Content Marketing All-Stars Q&A: Chris Smith of Curaytor

By NativeAI / May 8, 2016

is the difference between good and bad content? How can you develop content
that converts? Which metrics should you use to judge the success of your

may be no one better out there than Chris

to answer these questions. Chris is the co-founder of Curaytor, a multimillion dollar
marketing and software company; author of The
Conversion Code
, a bestseller about capturing Internet leads; and a frequent
(and awesome) keynote speaker at conferences around
the world. He’s a true visionary in the space who has helped companies of all
sizes improve their marketing and sales strategies.

we chatted with Chris to get his thoughts on some of the biggest issues that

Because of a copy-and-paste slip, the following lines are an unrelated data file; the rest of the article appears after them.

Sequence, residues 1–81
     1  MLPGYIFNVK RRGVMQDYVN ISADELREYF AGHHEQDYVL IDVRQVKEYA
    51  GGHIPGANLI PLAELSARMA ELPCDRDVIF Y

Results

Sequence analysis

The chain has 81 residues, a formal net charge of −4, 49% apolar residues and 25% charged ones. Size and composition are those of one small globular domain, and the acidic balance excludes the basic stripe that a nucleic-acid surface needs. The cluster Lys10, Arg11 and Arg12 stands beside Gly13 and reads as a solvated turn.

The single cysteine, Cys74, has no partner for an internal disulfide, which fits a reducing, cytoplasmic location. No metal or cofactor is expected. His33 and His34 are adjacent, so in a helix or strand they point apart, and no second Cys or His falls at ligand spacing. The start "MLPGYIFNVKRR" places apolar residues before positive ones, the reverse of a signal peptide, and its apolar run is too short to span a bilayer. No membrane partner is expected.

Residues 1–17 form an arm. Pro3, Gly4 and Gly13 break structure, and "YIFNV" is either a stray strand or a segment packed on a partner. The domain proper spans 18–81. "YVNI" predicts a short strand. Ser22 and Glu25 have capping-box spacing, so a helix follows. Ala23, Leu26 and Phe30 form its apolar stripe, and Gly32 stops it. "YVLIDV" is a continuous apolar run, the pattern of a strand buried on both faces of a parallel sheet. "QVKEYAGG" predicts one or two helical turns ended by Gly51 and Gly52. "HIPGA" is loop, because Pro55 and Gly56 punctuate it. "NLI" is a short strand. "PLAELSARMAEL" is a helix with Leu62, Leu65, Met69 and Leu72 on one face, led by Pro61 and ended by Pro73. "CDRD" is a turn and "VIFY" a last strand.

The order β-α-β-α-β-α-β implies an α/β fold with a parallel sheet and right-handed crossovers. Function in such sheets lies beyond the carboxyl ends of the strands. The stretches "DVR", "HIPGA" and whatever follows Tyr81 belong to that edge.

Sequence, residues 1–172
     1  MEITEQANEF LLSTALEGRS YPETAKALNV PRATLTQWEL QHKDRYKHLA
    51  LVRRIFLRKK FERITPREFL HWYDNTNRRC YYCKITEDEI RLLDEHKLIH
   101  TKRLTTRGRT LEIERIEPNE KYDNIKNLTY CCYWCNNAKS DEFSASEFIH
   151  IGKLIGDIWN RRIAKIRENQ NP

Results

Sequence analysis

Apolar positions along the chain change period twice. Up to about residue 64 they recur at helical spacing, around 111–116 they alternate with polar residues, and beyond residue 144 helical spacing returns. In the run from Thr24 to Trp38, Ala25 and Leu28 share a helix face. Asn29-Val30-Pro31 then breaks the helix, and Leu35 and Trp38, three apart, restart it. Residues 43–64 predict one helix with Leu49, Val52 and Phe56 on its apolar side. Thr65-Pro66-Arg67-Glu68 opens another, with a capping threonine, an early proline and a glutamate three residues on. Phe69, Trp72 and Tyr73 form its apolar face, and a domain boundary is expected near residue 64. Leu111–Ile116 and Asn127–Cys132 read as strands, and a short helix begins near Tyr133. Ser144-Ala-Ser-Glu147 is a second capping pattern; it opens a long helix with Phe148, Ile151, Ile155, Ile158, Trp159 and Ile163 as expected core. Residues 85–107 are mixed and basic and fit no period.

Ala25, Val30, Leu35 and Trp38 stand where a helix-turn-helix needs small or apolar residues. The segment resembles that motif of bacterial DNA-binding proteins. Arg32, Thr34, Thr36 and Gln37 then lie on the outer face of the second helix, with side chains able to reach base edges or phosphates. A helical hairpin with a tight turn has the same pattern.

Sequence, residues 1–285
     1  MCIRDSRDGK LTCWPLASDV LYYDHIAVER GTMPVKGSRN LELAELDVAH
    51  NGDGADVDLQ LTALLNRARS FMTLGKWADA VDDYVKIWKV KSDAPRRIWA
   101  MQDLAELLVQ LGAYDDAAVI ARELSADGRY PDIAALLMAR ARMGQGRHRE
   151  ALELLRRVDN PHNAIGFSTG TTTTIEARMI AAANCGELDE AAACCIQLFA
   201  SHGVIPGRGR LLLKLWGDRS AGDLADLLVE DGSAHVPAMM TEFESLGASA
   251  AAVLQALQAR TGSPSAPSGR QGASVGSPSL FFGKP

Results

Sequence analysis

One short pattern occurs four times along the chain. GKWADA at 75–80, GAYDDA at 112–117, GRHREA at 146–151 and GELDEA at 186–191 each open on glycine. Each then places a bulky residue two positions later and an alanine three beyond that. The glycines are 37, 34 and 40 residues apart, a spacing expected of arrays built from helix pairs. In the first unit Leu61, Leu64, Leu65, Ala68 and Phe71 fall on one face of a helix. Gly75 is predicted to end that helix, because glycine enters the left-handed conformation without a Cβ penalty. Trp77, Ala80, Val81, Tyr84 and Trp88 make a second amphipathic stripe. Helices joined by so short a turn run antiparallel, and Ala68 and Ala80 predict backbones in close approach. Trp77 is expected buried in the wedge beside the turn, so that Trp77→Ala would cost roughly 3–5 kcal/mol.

content marketers face, and to find out where he thinks the industry is

out the All-Star Q&A below:

Q: What is the
difference between good content and bad content?

A: In my opinion the
difference is that good content creates awareness and sales, whereas bad content drives awareness or sales. It’s such a simple difference,
but a big one.

content creation we have to take this this jab, jab, jab, jab, right hook
approach, to quote Gary Vaynerchuk; we need to make a contribution before
asking for the business. 

The best content drives awareness and sales at the
same time, but bad content either only drives awareness and no sales, or it is
so sales focused that no one is going to read or share it.

Q: We talk with a lot of
marketers who say they struggle with creating content that produces qualified
leads. What’s your advice for them? How do the insights from your book,